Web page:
Published on 8 February 2019
[All names used in this article are fictitious.]
A lawyer has been censured for disclosing information about a sensitive domestic matter to a third party.
In addition to the censure, a lawyers standards committee also ordered the lawyer, Bansad, to pay $1,000 compensation to his client, Ms Stans, for the distress and anxiety she suffered as a result of his conduct.
Ms Stans had asked Bansad to draw up a deed of agreement between her and another individual and specifically asked that this remain confidential, especially with regards to her family, who were known to Bansad.
Ms Stans also asked that her will be updated. When Ms Stans asked about the cost, she was told by Bansad that “we will sort something out”. It took over six months for the deed to be prepared and when it was, Ms Stans took it to be signed by the other party.
When she returned the deed to the firm, it was pointed out to her that it should also have been witnessed. An employee of the firm said they would enquire about “the authenticity” of the deed without the signatures having been witnessed. However, at the time of making her complaint, Ms Stans said she had not heard back about that.
Ms Stans subsequently received an invoice from the firm. This covered the deed and updating her will and included the other individual’s name. The invoice was also copied to a family member without Ms Stans’s authority, and despite her explicit instructions that the matter was to remain confidential.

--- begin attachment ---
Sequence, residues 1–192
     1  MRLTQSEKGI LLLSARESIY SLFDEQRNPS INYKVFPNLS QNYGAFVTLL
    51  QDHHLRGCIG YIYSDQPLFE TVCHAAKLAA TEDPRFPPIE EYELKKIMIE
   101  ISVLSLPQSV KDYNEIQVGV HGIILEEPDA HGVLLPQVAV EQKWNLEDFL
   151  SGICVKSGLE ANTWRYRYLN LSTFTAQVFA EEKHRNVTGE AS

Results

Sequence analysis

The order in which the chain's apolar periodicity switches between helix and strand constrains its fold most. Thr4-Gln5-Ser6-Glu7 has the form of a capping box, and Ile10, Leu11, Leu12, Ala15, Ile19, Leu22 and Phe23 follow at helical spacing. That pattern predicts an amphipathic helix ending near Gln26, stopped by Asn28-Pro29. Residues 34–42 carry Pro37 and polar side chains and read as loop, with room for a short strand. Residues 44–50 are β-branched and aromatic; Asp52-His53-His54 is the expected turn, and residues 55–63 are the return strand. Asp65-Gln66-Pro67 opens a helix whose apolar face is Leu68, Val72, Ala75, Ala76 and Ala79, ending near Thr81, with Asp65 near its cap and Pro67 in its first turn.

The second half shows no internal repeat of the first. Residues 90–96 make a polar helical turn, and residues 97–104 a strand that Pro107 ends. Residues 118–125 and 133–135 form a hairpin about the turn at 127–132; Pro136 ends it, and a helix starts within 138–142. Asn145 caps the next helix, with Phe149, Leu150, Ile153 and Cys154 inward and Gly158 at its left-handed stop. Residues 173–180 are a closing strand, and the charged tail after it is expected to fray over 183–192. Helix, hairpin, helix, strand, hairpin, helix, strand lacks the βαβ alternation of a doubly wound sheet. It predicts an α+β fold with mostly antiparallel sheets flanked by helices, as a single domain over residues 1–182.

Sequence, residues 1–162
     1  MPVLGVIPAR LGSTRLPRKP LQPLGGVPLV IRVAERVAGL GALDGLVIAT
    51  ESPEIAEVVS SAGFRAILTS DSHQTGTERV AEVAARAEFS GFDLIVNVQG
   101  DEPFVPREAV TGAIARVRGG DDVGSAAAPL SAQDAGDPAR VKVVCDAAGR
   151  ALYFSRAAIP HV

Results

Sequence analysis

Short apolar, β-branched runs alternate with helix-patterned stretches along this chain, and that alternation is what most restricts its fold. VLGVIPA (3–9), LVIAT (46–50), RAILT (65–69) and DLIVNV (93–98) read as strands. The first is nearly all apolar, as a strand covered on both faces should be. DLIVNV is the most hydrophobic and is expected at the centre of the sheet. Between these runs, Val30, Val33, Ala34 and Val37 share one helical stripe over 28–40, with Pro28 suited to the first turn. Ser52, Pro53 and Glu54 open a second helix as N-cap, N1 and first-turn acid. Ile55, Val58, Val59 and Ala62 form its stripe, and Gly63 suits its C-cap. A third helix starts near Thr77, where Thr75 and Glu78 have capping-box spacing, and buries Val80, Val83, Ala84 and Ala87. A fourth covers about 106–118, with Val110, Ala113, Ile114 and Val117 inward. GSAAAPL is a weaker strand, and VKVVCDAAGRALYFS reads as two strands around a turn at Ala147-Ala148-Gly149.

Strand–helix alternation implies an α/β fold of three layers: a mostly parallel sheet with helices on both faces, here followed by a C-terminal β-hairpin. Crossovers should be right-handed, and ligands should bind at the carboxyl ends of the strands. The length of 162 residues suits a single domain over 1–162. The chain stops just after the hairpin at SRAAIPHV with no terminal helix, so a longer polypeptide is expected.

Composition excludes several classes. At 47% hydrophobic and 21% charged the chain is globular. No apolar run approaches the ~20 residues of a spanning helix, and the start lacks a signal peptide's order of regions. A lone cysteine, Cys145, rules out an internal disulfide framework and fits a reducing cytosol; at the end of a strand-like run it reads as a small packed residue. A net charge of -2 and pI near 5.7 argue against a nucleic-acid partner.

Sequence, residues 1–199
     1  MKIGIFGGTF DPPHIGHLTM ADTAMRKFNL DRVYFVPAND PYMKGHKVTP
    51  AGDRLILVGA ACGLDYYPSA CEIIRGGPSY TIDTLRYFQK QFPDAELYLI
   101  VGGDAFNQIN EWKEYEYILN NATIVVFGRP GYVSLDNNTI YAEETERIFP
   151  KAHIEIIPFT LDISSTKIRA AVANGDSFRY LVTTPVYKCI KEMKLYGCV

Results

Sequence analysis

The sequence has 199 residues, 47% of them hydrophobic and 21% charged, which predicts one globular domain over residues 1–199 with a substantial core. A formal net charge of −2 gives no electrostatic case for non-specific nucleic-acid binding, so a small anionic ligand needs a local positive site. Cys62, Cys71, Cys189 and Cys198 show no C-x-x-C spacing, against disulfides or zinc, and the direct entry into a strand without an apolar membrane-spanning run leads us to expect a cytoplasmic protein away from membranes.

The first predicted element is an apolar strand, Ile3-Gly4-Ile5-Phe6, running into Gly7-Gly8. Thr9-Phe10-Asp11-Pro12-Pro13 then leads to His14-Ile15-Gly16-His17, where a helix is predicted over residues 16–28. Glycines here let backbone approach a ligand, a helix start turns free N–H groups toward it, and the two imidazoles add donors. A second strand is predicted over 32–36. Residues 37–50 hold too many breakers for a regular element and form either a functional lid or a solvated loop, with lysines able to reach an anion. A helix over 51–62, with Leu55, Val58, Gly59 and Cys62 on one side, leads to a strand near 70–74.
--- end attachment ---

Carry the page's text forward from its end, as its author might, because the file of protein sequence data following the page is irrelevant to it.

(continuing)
Ms Stans complained that:
The committee found unsatisfactory conduct by Bansad in that:
While noting that the unauthorised disclosure was not intentional, the committee said it “considers that the disclosure was serious and careless and could have significant consequences for both Ms [Stans] and a third party”.
After receiving the complaint, Bansad accepted the fact that issues relating to the deed needed to be looked at afresh and suggested that an independent lawyer review the matter at his cost.
A barrister instructed by Bansad’s firm to review the deed provided a report to Ms Stans, Bansad and the committee.
The barrister noted that: “It is important … that both parties are strongly advised of the effect and implications of any such agreement and whether in fact such an agreement would be enforceable at the end of the day. Importantly it could have results unintended by the parties.”
The committee noted that it appeared likely that Ms Stans was not advised that the deed, as drafted, was not necessary and may have unintended consequences.
As well as the censure and compensation order, the committee ordered Bansad to pay $500 costs.